I was on the Radio Four Today programme last week debating Lord Falconer (listen here for Radio Four and here for Radio Five Live and ) on whether or not assisted suicide should be legalised in the light of ten years of British people going to the Dignitas facility in Switzerland to end their lives.
Prior to our debate the programme ran a prime time recorded interview with Win Crew, wife of one of the first Britons to die there which I listened to in the taxi on the way in.
It was typical of such interviews. The usually robust Evan Davies, rather than giving her a challenging and searching cross-examination, instead reverted to slow underarm bowling in the apparent hope that she might hit each question over the boundary in the cause of legalisation.
She, not understandably, made the most of being given an international media platform to propagate her views effectively unchallenged.
The BBC later gave the interview huge prominence in keeping with their ‘assisted suicide cheerleader’ policy whilst our debate was relegated to the graveyard slot just prior to 9am.
In the light of this not atypical experience I was interested to see this post on Life Site News on the not unrelated issue of abortion – another where the liberal elite who dominate the media do what they can to ensure that really searching questions are never asked.
I have virtually never heard these ten questions asked (or answered) on media but invite anyone with a prochoice position to attempt to answer them either here or elsewhere.
They come from over the pond in the lead up to the US presidential election but apply equally well here.
Here’s some food for thought then from Trevin Wax at thegospelcoalition.org blog — ‘Ten questions you never hear a pro-choice candidate asked by the media’.
1. You say you support a woman’s right to make her own reproductive choices in regards to abortion and contraception. Are there any restrictions you would approve of?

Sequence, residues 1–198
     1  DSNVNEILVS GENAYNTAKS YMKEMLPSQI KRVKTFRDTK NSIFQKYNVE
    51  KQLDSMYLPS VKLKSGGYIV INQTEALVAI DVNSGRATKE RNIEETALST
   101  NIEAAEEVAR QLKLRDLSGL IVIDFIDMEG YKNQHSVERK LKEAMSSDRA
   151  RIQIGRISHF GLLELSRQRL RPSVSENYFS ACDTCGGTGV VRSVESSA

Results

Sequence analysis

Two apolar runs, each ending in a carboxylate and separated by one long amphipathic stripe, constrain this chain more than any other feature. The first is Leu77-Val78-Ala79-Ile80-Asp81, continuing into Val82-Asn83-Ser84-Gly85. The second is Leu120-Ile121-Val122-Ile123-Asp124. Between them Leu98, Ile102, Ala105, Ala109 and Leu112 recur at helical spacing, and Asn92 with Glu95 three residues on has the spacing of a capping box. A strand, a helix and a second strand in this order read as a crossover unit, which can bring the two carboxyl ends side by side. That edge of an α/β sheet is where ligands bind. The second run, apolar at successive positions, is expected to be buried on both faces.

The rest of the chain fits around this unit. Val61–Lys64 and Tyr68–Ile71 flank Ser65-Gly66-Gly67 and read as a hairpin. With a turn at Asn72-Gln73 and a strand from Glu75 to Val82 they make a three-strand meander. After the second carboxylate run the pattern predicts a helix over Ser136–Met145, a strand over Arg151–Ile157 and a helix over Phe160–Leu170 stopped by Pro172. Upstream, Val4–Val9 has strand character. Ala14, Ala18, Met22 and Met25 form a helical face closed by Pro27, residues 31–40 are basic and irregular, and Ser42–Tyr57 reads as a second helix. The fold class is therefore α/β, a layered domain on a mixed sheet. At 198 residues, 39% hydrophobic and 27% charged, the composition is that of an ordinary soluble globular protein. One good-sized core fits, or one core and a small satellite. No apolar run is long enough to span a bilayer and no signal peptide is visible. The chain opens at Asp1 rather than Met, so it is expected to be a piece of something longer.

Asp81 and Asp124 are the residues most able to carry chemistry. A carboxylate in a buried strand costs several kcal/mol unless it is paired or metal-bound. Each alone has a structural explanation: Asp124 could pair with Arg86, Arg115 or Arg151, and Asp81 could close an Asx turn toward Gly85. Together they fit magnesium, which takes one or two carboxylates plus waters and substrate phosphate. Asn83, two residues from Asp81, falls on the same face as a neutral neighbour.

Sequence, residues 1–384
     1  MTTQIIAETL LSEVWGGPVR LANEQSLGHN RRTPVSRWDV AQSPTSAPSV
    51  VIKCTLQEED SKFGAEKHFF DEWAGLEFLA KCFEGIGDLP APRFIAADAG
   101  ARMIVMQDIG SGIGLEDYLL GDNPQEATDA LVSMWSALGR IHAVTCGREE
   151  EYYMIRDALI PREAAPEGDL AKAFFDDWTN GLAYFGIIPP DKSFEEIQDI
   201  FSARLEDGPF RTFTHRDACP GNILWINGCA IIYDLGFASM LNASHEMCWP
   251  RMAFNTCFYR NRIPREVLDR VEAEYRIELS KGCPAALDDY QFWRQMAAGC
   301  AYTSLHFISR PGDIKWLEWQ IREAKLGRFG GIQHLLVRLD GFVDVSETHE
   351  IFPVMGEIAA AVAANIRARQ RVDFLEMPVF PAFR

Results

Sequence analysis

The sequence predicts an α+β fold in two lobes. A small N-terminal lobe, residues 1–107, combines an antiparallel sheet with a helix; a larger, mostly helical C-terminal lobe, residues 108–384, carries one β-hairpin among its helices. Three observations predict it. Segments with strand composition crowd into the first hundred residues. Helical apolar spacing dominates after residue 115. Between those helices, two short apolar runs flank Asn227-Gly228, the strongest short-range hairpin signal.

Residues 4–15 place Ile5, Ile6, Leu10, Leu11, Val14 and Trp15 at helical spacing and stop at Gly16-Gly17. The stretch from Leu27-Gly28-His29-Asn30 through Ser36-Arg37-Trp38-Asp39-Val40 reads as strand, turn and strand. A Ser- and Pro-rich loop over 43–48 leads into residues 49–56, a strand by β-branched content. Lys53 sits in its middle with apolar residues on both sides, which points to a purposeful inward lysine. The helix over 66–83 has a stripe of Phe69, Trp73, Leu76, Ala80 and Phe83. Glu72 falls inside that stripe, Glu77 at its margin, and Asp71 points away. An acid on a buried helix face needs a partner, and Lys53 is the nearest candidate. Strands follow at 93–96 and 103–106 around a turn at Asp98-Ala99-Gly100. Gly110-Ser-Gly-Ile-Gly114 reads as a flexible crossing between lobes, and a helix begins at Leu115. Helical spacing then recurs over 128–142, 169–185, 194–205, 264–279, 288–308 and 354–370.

2. In 2010, The Economist featured a cover story on “the war on girls” and the growth of “gendercide” in the world – abortion based solely on the sex of the baby. Does this phenomenon pose a problem for you or do you believe in the absolute right of a woman to terminate a pregnancy because the unborn fetus is female?
3. In many states, a teenager can have an abortion without her parents’ consent or knowledge but cannot get an aspirin from the school nurse without parental authorization. Do you support any restrictions or parental notification regarding abortion access for minors?
4. If you do not believe that human life begins at conception, when do you believe it begins? At what stage of development should an unborn child have human rights?
5. Currently, when genetic testing reveals an unborn child has Down’s Syndrome, most women choose to abort. How do you answer the charge that this phenomenon resembles the “eugenics” movement a century ago – the slow, but deliberate “weeding out” of those our society would deem “unfit” to live?
6. Do you believe an employer should be forced to violate his or her religious conscience by providing access to abortifacient drugs and contraception to employees?
7. Alveda King, niece of Martin Luther King, Jr. has said that “abortion is the white supremacist’s best friend,” pointing to the fact that Black and Latinos represent 25% of our population but account for 59% of all abortions. How do you respond to the charge that the majority of abortion clinics are found in inner-city areas with large numbers of minorities?
8. You describe abortion as a “tragic choice.” If abortion is not morally objectionable, then why is it tragic? Does this mean there is something about abortion that is different than other standard surgical procedures?
9. Do you believe abortion should be legal once the unborn fetus is viable – able to survive outside the womb?
10. If a pregnant woman and her unborn child are murdered, do you believe the criminal should face two counts of murder and serve a harsher sentence?